Photo provided by the Commonwealth Scientific and Industrial Research Organisation (CSIRO) on July 1, 2022, shows a bushfire in Australia. (CSIRO/Handout via Xinhua/IANS)

Canberra, March 29 (IANS) An expert on Wednesday described a bushfire that has burned about one fifth of a national park in the Australian Outback as an environmental tragedy.

More than 100,000 hectares of land across the MacDonnell Ranges in central Australia has been burnt in recent weeks, fuelled by a hot March and three years of above-average rainfall that increased fuel loads, reports Xinhua news agency.

The affected area of the ranges includes 20 percent of the Tjoritja/West MacDonnell national park.

“The Tjoritja/West MacDonnell Ranges wildfire is a tragedy,” Alex Vaughan, a policy officer at the Arid Lands Environment Centre (ALEC), was quoted by the Guardian Australia as saying on Wednesday.

The wildfire comes months after Tanya Plibersek, the Minister for the Environment and Water, declared the park a priority place for conservation under the new federal plan to prevent any new extinctions of Australian wildlife.

“This is a place that Tanya Plibersek just last year recognized as one of the most important places nationally for threatened species conservation,” said Vaughan, adding that fires in the national park had come close to the habitat of the central rock rat, a critically endangered species that is only found in the region.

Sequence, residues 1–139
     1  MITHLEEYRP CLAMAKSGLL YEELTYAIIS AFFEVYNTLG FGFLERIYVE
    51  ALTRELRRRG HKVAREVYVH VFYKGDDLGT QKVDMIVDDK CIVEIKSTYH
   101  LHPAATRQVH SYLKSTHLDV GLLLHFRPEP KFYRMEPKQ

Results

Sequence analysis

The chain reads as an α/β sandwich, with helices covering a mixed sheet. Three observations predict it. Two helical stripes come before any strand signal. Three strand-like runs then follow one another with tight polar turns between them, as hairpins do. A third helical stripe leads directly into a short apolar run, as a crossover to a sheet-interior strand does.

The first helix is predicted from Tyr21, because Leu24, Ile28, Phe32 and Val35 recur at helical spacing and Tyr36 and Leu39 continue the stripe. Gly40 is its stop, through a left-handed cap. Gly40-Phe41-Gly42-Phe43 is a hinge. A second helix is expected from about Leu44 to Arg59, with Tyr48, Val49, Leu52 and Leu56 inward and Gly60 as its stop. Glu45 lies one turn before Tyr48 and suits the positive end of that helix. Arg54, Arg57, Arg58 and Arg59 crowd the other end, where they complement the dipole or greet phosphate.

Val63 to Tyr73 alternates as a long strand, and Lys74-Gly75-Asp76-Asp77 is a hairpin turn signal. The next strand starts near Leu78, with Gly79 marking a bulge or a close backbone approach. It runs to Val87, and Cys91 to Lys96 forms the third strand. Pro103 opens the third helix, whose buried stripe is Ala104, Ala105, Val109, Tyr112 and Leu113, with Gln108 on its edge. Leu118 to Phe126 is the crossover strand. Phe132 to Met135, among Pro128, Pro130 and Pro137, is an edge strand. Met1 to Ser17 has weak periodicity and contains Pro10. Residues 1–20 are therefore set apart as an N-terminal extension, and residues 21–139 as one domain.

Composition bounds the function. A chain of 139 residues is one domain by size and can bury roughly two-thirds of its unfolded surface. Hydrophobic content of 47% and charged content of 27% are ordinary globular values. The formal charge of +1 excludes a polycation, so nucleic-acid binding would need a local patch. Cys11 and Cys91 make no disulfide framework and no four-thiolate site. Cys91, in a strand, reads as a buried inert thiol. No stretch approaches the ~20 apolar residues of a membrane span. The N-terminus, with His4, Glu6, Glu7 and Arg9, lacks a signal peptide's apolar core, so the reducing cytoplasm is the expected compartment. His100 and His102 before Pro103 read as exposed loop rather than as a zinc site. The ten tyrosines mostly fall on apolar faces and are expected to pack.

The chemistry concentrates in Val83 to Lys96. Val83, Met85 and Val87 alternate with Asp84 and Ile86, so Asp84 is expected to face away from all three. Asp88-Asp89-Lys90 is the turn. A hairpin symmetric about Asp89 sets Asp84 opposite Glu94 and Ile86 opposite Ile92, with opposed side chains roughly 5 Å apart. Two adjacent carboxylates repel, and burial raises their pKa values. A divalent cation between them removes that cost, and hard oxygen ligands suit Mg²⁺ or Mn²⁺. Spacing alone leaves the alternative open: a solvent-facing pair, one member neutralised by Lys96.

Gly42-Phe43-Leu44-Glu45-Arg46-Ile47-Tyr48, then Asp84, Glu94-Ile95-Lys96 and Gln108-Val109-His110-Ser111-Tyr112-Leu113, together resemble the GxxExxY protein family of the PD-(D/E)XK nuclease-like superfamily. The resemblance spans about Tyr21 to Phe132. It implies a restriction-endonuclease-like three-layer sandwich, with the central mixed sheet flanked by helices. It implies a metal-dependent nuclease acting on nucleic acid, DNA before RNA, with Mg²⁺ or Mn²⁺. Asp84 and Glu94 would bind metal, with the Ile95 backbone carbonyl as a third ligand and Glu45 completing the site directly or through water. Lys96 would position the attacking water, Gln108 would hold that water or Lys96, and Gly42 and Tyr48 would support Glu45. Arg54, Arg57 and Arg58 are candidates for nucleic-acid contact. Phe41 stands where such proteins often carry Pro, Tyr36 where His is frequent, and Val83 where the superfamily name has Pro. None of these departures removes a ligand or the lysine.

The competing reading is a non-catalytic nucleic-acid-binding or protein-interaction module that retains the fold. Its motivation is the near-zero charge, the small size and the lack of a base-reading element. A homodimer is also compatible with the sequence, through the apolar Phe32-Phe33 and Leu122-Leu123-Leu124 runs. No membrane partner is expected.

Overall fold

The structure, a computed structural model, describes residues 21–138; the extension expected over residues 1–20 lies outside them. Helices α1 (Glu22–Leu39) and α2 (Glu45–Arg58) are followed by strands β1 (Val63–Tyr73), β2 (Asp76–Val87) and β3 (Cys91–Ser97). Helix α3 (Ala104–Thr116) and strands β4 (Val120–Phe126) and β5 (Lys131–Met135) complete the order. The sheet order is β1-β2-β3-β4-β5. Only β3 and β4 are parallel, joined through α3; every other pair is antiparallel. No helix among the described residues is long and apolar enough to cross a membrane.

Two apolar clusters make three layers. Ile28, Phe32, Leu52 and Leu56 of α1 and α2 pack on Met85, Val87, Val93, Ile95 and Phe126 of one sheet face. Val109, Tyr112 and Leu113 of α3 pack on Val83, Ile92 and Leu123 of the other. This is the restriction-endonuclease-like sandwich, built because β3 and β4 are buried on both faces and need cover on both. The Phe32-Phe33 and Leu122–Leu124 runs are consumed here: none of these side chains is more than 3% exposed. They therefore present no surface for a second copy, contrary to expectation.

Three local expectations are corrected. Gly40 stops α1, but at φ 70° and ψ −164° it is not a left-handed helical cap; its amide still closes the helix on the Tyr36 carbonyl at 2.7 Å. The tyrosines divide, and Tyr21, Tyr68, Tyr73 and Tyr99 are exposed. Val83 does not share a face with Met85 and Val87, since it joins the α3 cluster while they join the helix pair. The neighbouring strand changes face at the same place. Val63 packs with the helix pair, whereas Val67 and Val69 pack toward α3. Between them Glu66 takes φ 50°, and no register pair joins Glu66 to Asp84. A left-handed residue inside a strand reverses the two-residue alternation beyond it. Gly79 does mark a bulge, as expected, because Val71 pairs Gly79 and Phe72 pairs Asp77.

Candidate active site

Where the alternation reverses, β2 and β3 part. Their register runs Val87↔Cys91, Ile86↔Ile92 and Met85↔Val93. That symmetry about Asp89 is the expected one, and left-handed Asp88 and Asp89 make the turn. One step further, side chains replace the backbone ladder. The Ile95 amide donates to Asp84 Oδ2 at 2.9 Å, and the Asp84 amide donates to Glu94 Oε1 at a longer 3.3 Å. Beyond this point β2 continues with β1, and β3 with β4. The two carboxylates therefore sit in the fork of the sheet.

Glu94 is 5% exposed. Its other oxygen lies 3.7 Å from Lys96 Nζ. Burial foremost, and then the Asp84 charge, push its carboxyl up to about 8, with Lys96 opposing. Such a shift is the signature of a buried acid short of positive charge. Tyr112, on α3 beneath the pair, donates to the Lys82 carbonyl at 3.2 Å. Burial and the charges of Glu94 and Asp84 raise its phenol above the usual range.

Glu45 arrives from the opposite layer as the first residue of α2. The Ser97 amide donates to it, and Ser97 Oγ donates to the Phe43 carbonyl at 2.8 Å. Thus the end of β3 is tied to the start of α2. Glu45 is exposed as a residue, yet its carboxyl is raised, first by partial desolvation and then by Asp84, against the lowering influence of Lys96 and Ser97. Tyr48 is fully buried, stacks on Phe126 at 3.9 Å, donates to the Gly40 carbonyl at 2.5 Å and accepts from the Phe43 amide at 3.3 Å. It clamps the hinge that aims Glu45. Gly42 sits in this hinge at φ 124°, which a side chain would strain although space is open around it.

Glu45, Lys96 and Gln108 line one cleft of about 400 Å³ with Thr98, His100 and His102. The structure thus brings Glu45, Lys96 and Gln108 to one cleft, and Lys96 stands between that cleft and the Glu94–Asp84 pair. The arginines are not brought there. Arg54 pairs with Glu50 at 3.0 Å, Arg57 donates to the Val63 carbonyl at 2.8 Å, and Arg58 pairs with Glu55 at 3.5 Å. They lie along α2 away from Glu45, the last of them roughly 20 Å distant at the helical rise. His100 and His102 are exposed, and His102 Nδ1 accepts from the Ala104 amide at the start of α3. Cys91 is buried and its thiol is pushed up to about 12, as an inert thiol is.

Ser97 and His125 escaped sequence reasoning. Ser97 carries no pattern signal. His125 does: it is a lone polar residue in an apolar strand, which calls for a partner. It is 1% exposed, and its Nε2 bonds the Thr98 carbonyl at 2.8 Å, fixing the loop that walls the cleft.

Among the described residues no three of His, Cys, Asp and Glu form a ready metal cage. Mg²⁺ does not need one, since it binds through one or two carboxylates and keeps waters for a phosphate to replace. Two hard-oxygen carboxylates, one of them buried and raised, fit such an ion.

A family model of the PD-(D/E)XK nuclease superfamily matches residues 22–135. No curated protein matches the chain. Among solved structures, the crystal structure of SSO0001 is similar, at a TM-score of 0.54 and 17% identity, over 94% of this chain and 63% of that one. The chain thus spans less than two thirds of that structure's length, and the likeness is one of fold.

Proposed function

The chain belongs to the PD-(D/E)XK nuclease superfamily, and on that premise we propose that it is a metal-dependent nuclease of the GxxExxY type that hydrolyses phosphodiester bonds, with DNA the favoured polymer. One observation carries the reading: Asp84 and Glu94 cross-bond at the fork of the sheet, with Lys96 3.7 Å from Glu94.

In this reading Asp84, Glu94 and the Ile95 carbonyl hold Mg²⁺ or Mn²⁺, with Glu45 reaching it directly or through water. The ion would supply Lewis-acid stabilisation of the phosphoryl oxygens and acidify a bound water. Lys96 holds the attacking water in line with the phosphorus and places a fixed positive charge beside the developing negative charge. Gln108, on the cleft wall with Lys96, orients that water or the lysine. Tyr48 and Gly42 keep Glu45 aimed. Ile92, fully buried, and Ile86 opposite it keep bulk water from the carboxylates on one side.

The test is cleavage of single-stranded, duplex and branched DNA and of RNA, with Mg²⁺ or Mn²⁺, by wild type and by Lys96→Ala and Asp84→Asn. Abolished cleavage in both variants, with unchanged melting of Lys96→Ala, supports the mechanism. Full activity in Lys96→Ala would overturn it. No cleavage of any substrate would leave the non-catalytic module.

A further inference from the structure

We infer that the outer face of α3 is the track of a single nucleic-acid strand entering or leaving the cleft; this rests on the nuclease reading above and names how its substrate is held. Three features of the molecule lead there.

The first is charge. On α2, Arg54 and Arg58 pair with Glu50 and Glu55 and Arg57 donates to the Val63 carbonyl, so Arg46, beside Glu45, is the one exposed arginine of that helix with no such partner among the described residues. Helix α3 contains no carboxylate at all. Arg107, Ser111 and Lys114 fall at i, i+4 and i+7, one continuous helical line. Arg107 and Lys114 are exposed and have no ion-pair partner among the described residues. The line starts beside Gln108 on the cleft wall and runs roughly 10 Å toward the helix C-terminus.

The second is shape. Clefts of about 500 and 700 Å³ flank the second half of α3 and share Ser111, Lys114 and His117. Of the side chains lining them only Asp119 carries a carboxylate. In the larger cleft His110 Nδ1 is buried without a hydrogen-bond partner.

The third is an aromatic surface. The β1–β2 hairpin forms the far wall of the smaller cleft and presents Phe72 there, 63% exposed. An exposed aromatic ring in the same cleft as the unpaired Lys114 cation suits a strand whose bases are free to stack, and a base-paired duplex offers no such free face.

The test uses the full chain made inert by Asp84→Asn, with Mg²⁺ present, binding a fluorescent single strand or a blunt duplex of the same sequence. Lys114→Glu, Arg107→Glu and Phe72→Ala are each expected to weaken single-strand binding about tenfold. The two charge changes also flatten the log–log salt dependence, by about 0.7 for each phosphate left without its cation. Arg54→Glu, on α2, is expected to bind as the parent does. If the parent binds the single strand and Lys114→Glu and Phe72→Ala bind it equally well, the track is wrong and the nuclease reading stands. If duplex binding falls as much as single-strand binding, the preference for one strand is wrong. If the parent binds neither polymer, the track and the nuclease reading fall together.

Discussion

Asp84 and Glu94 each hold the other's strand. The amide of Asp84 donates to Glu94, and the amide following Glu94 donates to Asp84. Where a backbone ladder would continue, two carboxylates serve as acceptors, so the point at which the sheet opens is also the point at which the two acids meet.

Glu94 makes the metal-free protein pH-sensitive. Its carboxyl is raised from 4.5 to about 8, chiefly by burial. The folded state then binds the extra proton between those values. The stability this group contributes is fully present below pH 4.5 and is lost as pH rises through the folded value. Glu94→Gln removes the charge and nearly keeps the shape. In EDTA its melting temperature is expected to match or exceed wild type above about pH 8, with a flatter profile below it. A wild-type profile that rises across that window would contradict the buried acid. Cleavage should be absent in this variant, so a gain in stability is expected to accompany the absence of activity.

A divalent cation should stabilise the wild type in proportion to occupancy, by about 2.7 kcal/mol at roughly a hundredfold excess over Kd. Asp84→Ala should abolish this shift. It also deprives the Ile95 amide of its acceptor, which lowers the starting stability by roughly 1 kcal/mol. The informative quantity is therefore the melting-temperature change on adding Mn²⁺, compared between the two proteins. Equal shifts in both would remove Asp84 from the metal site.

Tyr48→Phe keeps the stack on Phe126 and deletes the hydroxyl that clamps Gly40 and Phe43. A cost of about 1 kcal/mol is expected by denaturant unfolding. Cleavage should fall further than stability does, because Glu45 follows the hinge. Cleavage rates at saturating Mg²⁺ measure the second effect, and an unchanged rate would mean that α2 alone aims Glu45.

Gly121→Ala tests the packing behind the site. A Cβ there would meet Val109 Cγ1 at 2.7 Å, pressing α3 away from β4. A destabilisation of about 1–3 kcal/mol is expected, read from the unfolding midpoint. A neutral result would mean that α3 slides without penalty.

The fires have been fuelled by a build-up of the invasive buffel grass over the last three years, he said.

Introduced to Australia for pasture improvement, the grass has spread across central Australia into national parks where it significantly exacerbates fire risk.

Vaughan said the federal and Northern Territory governments have “completely failed” to address the problem.

South Australia is the only jurisdiction where the grass has been declared a weed.

“The consequences of this wildfire are devastating and, unfortunately, we are in for a long and tough fire season over the next 12 months,” Vaughan said.